In several numerical simulations including our model, a percolation lattice is used as a simple example of the disordered medium [7, 28, 29] and we found that it is similar to the in vivo reaction space. Likewise the structured in vivo reaction space is similar to porous media [6, 30]. Such structures, which are often self-similar, can readily be seen under the TEM and are easily generated for instance by self-organizing molecules such as titanium dioxide and sol–gel powders.

When p=1, the cluster becomes a regular lattice without disorder. If the non-obstructed space in the cell forms such a regular lattice, the time dependency of the mean squared displacement (MSD) of a random walker on the lattice grows linear with time. On the other hand, if the random walker is confined at a specific volume, the MSD converges to a constant [31]. The case between these two extreme cases was named anomalous diffusion by Gefen et al. [24]. The exponent α represents the anomaly of the MSD [23]:

( x ( t ) x ( 0 ) ) 2 =Γ t α

We estimated diffusion constants of NRO based on simulation results in different environments. Our in silico models enables us to verify the consistency of the hypothesis that the intracellular component is built using a self-organization and that the structure provides a percolation cluster-like environment for soluble molecules. We computed α from the Monte Carlo simulations in these virtual environments, as well as D(t), and compared it with the experimental results from FCS measurements to find the parameters of the in silico models which match the in vivo results.

Main text

Reconstruction of reaction space based on TEM image data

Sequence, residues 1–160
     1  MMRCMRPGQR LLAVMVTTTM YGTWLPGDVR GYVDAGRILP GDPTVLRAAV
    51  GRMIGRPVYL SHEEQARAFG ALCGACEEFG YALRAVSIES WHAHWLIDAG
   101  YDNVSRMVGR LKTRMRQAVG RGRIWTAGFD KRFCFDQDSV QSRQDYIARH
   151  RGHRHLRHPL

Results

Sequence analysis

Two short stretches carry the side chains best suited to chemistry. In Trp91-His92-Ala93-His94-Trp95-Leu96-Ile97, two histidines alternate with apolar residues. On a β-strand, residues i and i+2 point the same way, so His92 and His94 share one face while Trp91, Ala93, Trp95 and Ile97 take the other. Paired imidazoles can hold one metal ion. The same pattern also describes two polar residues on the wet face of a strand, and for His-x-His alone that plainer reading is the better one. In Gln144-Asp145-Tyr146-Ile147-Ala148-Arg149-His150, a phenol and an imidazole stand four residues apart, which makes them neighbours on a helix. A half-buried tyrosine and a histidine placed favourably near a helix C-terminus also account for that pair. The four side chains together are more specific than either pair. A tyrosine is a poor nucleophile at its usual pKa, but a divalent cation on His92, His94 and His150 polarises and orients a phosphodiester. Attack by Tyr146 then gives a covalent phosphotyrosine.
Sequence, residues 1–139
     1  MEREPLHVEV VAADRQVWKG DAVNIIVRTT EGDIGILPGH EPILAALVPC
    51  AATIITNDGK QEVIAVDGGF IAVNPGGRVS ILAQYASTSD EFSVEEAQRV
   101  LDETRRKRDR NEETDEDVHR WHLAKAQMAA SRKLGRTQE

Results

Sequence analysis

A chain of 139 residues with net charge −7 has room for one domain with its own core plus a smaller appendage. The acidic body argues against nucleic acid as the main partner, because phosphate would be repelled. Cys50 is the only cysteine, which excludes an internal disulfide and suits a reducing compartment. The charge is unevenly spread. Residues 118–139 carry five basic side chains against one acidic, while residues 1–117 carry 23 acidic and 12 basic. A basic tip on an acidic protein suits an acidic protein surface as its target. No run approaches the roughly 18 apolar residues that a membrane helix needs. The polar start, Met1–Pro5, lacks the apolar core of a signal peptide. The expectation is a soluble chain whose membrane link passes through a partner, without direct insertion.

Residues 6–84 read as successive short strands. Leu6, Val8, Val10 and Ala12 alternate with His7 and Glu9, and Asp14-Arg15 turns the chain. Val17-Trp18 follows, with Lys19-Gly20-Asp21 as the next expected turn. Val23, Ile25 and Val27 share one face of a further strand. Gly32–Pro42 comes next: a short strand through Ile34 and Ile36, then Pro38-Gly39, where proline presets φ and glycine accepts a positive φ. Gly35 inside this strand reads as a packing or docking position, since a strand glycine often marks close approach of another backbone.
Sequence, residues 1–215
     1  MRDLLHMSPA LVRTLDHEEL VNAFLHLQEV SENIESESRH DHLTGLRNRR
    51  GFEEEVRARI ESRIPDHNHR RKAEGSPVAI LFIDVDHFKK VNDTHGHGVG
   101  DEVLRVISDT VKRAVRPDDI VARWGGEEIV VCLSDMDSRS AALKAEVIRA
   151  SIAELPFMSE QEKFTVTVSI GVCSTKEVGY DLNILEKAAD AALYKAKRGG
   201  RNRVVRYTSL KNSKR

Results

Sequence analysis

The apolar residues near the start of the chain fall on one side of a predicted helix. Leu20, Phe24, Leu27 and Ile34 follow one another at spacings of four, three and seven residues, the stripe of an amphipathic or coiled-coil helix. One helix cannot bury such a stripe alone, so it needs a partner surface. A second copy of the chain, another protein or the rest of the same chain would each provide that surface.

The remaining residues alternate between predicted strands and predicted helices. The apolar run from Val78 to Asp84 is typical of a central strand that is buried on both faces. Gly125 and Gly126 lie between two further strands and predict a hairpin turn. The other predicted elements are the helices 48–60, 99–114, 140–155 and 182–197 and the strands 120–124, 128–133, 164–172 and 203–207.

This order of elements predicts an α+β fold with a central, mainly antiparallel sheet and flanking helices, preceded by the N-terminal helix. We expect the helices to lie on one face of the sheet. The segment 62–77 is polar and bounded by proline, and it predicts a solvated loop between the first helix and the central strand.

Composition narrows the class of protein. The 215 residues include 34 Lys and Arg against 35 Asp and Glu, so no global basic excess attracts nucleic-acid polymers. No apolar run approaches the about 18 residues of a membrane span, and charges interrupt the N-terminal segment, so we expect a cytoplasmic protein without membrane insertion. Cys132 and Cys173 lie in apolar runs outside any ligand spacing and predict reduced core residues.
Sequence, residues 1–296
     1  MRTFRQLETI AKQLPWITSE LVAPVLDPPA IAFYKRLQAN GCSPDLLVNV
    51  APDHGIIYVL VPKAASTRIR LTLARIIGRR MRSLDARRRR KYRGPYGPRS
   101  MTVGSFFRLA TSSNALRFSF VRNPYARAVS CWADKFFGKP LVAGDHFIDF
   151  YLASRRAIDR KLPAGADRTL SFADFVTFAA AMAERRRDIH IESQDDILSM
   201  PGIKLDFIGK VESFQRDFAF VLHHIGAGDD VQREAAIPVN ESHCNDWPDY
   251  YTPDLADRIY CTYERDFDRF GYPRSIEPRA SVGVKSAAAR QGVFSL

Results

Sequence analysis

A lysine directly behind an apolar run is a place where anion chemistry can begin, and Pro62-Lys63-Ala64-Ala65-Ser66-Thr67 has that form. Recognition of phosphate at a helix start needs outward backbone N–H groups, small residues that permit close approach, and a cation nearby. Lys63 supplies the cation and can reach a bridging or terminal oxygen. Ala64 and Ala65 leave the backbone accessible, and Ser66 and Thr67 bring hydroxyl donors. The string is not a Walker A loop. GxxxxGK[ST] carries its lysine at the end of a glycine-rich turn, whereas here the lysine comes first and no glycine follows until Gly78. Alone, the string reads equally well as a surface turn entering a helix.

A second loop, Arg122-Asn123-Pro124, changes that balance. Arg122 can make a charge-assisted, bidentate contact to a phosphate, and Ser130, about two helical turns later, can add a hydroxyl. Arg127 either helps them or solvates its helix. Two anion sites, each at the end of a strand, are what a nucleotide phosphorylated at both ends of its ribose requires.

Based on TEM images (Figure 1) the intracellular environment was reconstructed (Figures 2 and 3) as described in Methods,“Generation of virtual cellular structures”. The 3D visualization of the static NRO structure helps to grasp the properties of the volume, which cannot be seen from single 2D images. A video showing the complete volume and sweeping through it is available as Supporting material (see Additional file 1).

Figure 1
figure 1

Material TEM images. (A) Original TEM images of the cytoplasmic region of 3Y1 cell for reaction space reconstruction.These images were captured by 1,000 magnifications. bar=1.0 μ m=56.8 pixels. (B) The binarized images of the photos (A). The binarizing algorithm is described in “Methods”.

Figure 2
figure 2

Reconstructed reaction space based on TEM images for the reaction space. (A, B) Sample images from the generated 3D space. (C, D) Comparison of original TEM image statistics and generated volume statistics. The reconstructed space has 17.6×17.6×17.6 nm resolution. (B, D) Low pass filtered by a median filter in order to reduce noise. (E) Visualization of the 3D structure by raytracing. See SI movie for a complete overview of the 3D reaction space.

Figure 3
figure 3

Surface generation of the NRO structure. Filtered versions of the above images going from left to right (A: 0%, B: 15%, C: 25%, and D 50% of the original voxel resolution) require (1.26, 1.21, 1.07, and 0.89 GB) of memory with an initial memory footprint of 0.49 GB, which amounts to around 50 MB per 1 million voxels. This reflects a linear memory usage with predictable performance requirements as the number of input voxels grow. Depending on the number of control points and coarse graining of the data points the surface becomes smoother, thus improving the perception of the overall 3D structure. The excluded volume grows slightly with the coarse graining and at the high value of D too many details of the structure are lost. (E) different slices of the reaction volume. The complete volume is also shown in the SI video (Additional file 1).

Addtional file 1: Video of the 3D volume. Dynamic exploration of the generated 3D virtual cytoplasm. (MOV 9 MB)

The 1D statistics about neighboring pixels/voxels is sufficient to generate similar structures in two and three dimension applying an isotropy assumption. The structures show a wide size distribution in 2D images and a tubular network in the 3D volume. Only completely spherical structures are not generated in the present approach. The applied filters in the volume generation process have a tendency to increase the size of structures (eroding) or to reduce it (dilation). By controlling the NRO volume fraction in the process we could create volumes which have the same NRO volume fraction like the TEM images. Note that the smoothing of the surface for visualization likewise can increase the volume occupied by NROs (cf. Figure 3).